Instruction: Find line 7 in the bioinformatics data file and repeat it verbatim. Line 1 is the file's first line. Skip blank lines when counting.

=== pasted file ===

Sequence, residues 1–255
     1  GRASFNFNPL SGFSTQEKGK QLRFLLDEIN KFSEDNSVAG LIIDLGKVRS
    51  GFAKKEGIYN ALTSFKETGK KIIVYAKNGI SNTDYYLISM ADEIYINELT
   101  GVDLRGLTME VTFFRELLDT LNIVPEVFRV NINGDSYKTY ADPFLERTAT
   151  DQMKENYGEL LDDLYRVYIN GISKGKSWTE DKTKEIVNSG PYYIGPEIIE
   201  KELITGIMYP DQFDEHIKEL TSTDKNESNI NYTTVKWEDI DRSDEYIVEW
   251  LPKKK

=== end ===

   251  LPKKK